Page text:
With politicians from both parties concluding that the Tibet issue is hurting the Nationalists, Mr. Ma has focused on damage control. To the surprise of many even in his own party, he warned this week that Taiwan might boycott the Olympics if the Chinese crackdown in Tibet turned more draconian and if conditions there deteriorated further.
Speaking for a very non-expert perspective, this strikes me as a remarkable gambit for a Nationalist candidate.
Known for his gentlemanly style, his reluctance to engage in personal attacks on political adversaries and his long-held desire for more cordial relations with the mainland, Mr. Ma has also rushed to distance himself from Beijing by using uncharacteristically harsh language.

When Prime Minister Wen Jiabao of China said Tuesday that Taiwan’s future should be decided by people on both sides of the Taiwan Strait, and not just by Taiwan residents, Mr. Ma condemned what he described as a “ruthless, irrational, arrogant, foolish and self-righteous comment.” Mr. Hsieh has rejected any boycott of the Olympics.

Opinion polls showed Mr. Ma with a lead of up to 20 percentage points last week; Taiwan’s election laws do not allow the release of polls during the final 10 days before voting.
So now it's up to the voters. Will Tibet swing the Taiwanese election? Stay tuned.

Yours for democracy,
Jeff Weintraub

The Result (3/22/08): In the end, the answer to that last question was no. Ma and the Nationalists won their landslide victory after all.
Ma Ying-jeou, a Harvard-educated lawyer and former Taipei mayor from the Nationalist Party, won by a convincing margin. [....] With all votes counted, Mr. Ma prevailed 58.45 percent to 41.55 percent and Mr. Hsieh quickly conceded defeat. [....]

Both parties’ polls showed an increasingly close race in the final days of campaigning, in contrast with the last polls by media organizations nearly two weeks ago, which showed Mr. Ma ahead by 20 percent. But in election day interviews, voters echoed Mr. Ma’s stance that closer relations with the mainland and its fast-growing economy represent the island’s best hope of returning to the rapid economic growth it enjoyed until the late 1990s.

Jason Lin, a 41-year-old interior designer, said as he left a polling place in Taipei that he had always voted for the Democratic Progressive Party until this year and remains a member of the party. But he crossed party lines to vote for Mr. Ma on Saturday because he was convinced that Taiwan’s economic survival depended on closer ties.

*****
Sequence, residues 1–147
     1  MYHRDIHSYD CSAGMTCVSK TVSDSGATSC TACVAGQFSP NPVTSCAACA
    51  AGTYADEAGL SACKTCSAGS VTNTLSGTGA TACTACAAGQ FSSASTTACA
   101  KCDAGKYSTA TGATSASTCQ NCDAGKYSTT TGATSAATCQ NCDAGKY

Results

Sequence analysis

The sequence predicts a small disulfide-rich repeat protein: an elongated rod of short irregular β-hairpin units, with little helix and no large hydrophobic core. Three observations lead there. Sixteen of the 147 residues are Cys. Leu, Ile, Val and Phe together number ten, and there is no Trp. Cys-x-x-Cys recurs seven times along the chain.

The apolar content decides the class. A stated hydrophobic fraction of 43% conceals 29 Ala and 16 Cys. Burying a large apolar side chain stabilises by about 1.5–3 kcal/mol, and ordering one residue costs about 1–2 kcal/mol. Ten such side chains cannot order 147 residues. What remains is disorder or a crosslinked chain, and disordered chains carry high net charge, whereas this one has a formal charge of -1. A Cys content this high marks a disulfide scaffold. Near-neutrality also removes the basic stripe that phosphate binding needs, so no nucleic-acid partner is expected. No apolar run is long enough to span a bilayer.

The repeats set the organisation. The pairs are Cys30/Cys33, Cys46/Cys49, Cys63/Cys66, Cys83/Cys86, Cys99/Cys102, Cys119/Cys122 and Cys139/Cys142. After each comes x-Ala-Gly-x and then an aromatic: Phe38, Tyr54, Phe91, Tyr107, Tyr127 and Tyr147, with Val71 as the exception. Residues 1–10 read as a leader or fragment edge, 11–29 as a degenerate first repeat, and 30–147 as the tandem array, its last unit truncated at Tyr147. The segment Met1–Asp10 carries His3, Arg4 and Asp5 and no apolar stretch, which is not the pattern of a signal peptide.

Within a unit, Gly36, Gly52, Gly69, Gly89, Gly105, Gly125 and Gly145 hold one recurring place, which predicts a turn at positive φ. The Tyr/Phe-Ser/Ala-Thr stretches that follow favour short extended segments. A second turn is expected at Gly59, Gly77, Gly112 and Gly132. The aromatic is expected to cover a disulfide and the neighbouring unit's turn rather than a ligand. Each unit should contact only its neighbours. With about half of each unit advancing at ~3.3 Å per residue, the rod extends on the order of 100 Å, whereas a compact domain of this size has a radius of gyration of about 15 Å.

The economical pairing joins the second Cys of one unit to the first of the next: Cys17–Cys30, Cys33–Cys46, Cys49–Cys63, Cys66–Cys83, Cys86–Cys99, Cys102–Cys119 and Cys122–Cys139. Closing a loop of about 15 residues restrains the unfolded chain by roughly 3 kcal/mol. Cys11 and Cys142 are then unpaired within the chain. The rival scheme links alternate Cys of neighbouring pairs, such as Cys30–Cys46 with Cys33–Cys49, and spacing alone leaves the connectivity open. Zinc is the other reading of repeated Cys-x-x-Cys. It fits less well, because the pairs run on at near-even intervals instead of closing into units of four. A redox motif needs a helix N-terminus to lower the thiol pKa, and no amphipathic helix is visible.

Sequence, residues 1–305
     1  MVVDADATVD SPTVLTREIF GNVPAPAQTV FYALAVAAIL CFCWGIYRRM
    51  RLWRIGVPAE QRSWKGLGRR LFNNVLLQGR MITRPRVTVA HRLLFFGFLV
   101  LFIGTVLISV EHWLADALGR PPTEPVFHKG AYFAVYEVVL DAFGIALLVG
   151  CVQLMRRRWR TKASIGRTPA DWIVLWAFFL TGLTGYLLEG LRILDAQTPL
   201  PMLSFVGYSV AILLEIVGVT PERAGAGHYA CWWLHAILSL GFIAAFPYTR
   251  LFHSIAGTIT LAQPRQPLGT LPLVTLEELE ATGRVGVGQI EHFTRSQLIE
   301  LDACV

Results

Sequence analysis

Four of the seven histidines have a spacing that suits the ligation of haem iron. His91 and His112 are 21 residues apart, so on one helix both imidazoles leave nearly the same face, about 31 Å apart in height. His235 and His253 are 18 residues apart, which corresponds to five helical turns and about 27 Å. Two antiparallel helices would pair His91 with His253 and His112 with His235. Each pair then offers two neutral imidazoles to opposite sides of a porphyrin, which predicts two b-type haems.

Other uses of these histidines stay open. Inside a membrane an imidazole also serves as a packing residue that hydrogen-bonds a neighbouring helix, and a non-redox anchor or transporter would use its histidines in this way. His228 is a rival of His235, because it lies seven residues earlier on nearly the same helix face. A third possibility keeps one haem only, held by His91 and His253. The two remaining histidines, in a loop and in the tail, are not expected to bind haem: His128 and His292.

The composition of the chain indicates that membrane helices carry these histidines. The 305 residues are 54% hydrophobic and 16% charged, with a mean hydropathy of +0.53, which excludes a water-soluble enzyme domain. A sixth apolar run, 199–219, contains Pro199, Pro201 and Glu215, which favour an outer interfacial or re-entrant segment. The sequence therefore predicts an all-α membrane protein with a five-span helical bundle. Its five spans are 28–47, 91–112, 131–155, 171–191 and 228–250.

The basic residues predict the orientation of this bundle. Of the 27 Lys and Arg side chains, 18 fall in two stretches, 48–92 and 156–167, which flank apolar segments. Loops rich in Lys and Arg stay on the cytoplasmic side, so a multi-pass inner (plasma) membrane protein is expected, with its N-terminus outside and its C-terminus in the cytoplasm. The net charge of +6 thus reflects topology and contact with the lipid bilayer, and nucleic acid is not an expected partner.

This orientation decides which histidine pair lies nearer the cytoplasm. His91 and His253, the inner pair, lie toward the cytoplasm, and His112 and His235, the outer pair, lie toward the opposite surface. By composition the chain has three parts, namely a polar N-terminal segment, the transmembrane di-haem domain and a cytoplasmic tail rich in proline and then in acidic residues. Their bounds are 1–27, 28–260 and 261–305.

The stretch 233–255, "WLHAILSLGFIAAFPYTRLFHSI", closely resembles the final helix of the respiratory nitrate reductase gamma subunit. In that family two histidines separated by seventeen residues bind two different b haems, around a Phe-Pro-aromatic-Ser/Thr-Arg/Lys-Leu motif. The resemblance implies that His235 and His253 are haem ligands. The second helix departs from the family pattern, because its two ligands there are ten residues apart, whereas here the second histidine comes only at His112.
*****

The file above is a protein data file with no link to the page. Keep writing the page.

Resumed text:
“If we don’t get into China’s market, we are locked into our own country,” he said. [....]

Two controversial referendums, calling for Taiwan to apply for membership in the United Nations, also fell well short of passage. [....]
Ma and the Nationalists appear to have convinced a lot of 'native' Taiwanese that they would do a better job of promoting Taiwan's long-term economic interests, both domestically and in terms of relations with China. But Ma also seems to have gone out of his way to convince voters that he would not simply be a patsy for China, and apparently he did so with some success.
Mr. Ma has taken a more cautious approach to the mainland [than previous Kuomintang candidates--JW], attending annual vigils for those killed during the Tiananmen Square killings in Beijing in 1989 and denouncing the mainland’s repression of the Falun Gong spiritual movement over the past decade. During the campaign, he ruled out any discussion of political reunification while calling for the introduction of direct, regularly scheduled flights to Shanghai and Beijing and an end to Taiwan’s extensive limits on its companies’ ability to invest on the mainland.

Chinese government officials had no immediate response to the election results on Saturday evening, but had made little secret of their hope that he would win.

“China has a love-hate relationship with Ma — when I visited China last November, they criticized Ma a lot, and then asked me to vote for Ma,” said Yen Chen-Shen, a political scientist at National Chengchi University.
Actually, Ma's victory is probably a source of satisfaction to both the Chinese and the US governments. The last thing the US government wants is for the Taiwanese to upset China, so they have become increasingly irritated with the DPP. But if Ma does his job, he is likely to do things that will irritate both Beijing and Washington, too.

Overall, whatever one thinks about the outcome of this particular election, it is hard to avoid reflecting that Taiwan seems to have developed a surprisingly stable and mature democratic polity--all things considered--in a pretty short time.
==============================
New York Times
Friday, March 21, 2008
China Tensions Could Sway Vote in Taiwan
By Keith Bradsher

TAIPEI, Taiwan — Violent unrest in Tibet has created shock waves in another volatile region on China’s periphery, shaking up the presidential election in Taiwan and sapping support for the candidate Beijing had hoped would win handily.

The suppression of Tibet protests by Chinese security forces, as well as missteps by the Nationalist Party, which Beijing favors, have nearly erased what had seemed like an insuperable lead for Ma Ying-jeou, the Harvard-educated lawyer who has been the front-runner in the race.

Concern that China’s crackdown could herald a tougher line on outlying regions that Beijing claims as sovereign territory, including Taiwan, has become the most contested campaign issue ahead of Saturday’s election.

On Thursday, China acknowledged for the first time that security forces had opened fire on Tibetan protesters in Sichuan Province, while also saying that protests had spread to several areas of China where ethnic Tibetans live.

Even if Mr. Ma wins, the election may now give him a weaker mandate for his goal of pursuing closer economic ties and reduced diplomatic tensions with China.

A loss by Mr. Ma, which campaign analysts say is unlikely but now possible, would be a major setback for China’s leaders. They have cultivated the Nationalists in recent years to undermine Taiwan’s current pro-independence president, Chen Shui-bian, and reduce the chances that his Democratic Progressive Party will hold the presidency after Mr. Chen’s mandatory retirement.